What: All Issues : Making Government Work for Everyone, Not Just the Rich or Powerful : Adequate Government Funding for a Broad Range of Human Needs : (H.R. 2112) On a motion to table (kill) an amendment that would have prohibited federal transportation funding from being used for certain transportation “enhancement projects,” including landscaping, scenic highway programs, transportation museums, and state welcome centers (2011 senate Roll Call 170)
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(H.R. 2112) On a motion to table (kill) an amendment that would have prohibited federal transportation funding from being used for certain transportation “enhancement projects,” including landscaping, scenic highway programs, transportation museums, and state welcome centers
senate Roll Call 170     Oct 19, 2011
Progressive Position:
Yea
Progressive Result:
Win

This was a vote on a motion to table (kill) an amendment by Sen. John McCain (R-AZ) that would have prohibited federal funding from being used for certain transportation “enhancement projects,” including landscaping, scenic highway programs, transportation museums, and state welcome centers. This amendment was offered to legislation that would provide annual funding in fiscal year 2012 for Agriculture, Transportation, and Commerce Department programs.

McCain urged support for his amendment: “We know what the debt is--$14.8 trillion. We have to spend our money in a fiscally responsible manner and not on special interest projects. For example, the state of Tennessee has more than 3,800 deficient bridges. Because of this federal mandate [that states use transportation funding for “enhancement programs”], however, states are forced to spend valuable and limited transportation dollars on transportation enhancement projects such as the White Squirrel Sanctuary in Kenton, TN. Kenton, the home of the white squirrel, has spent $269,404 on the sanctuary. The funding for the White Squirrel Sanctuary was used for construction of walking trails, including brick crosswalks, a foot bridge, and trailhead parking within Kenton to provide for the safe observation of white squirrels. The Lincoln Highway, a 200-mile roadside museum in Pennsylvania, received $300,000 in enhancement funding to commemorate the historical roadway with several items along the 200-mile route. These funds were used for items such as signs, ``colorful vintage gas pumps painted by local artists,'' and this refurbished coffee pot pictured on this poster board. Meanwhile, Pennsylvania ranks first out of all states for deficient bridges. Yet it seems to be more important to furbish large roadside coffee pots.”

Sen. Mark Begich (D-AK) opposed McCain’s amendment: “This amendment Senator McCain has brought forward is opposed by not only the U.S. Conference of Mayors but the National Tour Association, the U.S. Travel Association, the Southeastern Tourism Society, and many others are growing on the list because they see not only the value for improving the road infrastructure, but they see the value of attracting quality of life that makes the property values better around these enhancements, the tourism that comes along with it, and the value of economic development….I can tell you, from putting my hat on from the real estate industry--I spent many years in the real estate industry--what people looked for is the quality of the environment around them. If you were on a strip-paved road or barely a paved road with a little drain or curb, it had a certain value. If you were on a road that had a nice pedestrian pathway, nice curb and gutter and landscaping, I guarantee you those property values were stronger and better. The local community benefited from that because it now had stronger property taxes because of the higher property value. The homeowner benefited because they had an investment that would maintain its value because of the quality of the infrastructure. The roads, water, sewer system, in this case, the enhancements were of high quality.”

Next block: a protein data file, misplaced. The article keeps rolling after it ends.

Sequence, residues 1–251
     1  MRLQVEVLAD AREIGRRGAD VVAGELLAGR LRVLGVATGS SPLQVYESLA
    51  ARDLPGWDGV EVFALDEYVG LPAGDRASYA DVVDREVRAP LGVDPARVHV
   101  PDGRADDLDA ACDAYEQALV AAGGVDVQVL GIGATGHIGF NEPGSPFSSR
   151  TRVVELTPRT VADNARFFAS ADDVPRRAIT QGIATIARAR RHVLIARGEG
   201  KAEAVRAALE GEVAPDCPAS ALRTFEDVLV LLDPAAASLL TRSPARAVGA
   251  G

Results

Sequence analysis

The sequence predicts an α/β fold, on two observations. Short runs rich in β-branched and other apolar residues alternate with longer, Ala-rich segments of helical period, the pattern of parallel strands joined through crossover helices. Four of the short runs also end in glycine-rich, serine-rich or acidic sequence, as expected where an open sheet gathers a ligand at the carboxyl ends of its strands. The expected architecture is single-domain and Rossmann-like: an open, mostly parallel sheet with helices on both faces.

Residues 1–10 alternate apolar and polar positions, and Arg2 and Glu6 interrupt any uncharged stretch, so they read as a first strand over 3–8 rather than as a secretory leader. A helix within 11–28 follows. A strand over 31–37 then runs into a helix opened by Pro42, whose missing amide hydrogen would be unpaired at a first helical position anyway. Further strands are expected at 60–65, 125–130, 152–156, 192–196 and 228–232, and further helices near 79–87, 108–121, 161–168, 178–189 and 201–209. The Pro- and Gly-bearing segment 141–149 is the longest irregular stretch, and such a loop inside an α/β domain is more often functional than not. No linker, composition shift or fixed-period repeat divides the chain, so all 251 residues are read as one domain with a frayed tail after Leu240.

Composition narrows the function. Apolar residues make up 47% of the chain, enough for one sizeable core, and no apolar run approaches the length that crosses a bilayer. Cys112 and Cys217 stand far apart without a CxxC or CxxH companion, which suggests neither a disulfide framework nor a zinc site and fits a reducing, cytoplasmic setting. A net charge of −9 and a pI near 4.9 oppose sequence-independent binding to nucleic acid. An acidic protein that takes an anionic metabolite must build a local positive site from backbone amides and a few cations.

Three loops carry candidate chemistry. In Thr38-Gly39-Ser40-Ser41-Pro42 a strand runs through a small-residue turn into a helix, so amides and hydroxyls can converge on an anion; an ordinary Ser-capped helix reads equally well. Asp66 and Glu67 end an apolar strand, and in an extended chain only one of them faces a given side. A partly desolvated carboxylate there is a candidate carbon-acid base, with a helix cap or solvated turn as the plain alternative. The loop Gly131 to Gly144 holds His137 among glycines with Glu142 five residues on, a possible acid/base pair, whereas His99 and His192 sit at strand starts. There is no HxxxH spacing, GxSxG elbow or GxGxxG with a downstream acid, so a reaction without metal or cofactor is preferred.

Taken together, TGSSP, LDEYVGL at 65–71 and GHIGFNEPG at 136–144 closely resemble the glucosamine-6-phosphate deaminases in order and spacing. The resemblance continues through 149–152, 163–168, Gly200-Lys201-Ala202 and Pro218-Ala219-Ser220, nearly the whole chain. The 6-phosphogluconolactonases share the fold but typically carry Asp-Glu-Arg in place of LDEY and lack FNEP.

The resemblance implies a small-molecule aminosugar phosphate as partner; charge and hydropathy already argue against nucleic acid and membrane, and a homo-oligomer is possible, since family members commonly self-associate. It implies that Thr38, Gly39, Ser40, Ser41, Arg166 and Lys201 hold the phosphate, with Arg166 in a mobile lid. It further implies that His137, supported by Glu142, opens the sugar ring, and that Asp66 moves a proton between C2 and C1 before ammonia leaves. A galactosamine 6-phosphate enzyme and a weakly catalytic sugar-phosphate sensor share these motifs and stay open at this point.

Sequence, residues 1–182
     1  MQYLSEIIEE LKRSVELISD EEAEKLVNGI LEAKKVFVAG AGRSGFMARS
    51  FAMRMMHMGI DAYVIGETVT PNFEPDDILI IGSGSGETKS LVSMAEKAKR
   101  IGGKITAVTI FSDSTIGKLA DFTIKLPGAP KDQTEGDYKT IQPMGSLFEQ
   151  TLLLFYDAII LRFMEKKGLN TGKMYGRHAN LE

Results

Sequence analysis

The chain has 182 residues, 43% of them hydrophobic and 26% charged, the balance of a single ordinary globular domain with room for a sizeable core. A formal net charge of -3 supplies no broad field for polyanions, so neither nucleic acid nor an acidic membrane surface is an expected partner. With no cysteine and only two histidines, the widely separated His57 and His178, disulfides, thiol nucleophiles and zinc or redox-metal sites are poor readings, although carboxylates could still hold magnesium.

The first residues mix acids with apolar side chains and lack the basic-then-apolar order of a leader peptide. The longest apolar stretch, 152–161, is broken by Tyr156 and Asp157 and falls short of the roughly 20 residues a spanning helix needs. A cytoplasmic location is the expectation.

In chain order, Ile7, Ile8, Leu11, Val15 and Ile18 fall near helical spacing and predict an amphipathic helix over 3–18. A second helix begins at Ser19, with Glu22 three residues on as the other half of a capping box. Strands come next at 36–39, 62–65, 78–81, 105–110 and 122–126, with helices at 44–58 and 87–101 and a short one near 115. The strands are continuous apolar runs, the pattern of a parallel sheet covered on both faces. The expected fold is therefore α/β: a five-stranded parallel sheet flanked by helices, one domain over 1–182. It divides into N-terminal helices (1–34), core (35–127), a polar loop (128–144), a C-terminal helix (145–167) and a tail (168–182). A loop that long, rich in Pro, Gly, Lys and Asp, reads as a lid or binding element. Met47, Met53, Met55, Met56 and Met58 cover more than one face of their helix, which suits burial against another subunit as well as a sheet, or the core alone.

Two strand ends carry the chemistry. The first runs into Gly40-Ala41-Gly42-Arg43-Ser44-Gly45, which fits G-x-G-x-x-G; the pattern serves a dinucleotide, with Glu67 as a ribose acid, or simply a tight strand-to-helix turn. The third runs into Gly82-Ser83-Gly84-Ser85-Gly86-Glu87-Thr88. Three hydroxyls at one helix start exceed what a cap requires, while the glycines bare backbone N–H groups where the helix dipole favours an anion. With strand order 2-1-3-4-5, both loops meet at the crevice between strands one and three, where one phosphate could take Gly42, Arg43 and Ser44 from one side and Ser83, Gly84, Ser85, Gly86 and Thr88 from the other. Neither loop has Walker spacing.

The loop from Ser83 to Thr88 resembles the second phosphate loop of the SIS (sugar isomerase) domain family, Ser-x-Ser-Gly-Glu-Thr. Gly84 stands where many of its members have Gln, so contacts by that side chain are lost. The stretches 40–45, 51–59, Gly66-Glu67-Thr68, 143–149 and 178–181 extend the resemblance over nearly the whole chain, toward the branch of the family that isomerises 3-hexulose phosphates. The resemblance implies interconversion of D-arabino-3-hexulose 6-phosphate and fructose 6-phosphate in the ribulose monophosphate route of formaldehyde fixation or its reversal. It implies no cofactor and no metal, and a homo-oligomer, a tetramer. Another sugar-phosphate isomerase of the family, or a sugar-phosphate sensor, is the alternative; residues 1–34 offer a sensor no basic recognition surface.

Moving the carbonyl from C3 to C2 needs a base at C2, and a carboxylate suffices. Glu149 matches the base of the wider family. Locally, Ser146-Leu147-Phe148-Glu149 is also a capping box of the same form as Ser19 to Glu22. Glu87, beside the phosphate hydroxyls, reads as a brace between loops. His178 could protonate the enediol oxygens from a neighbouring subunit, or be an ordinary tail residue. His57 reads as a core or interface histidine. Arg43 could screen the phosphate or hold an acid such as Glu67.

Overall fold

The Senate tabled (killed) McCain’s amendment by a vote of 59-39. 49 Democrats and 10 Republicans voted “yea.” 36 Republicans and 3 Democrats voted “nay.” As a result, the Senate killed an amendment that would have prohibited federal transportation funding from being used for certain transportation “enhancement projects,” including landscaping, scenic highway program, transportation museums, and state welcome centers. Thus, federal funding for those transportation projects remained intact.

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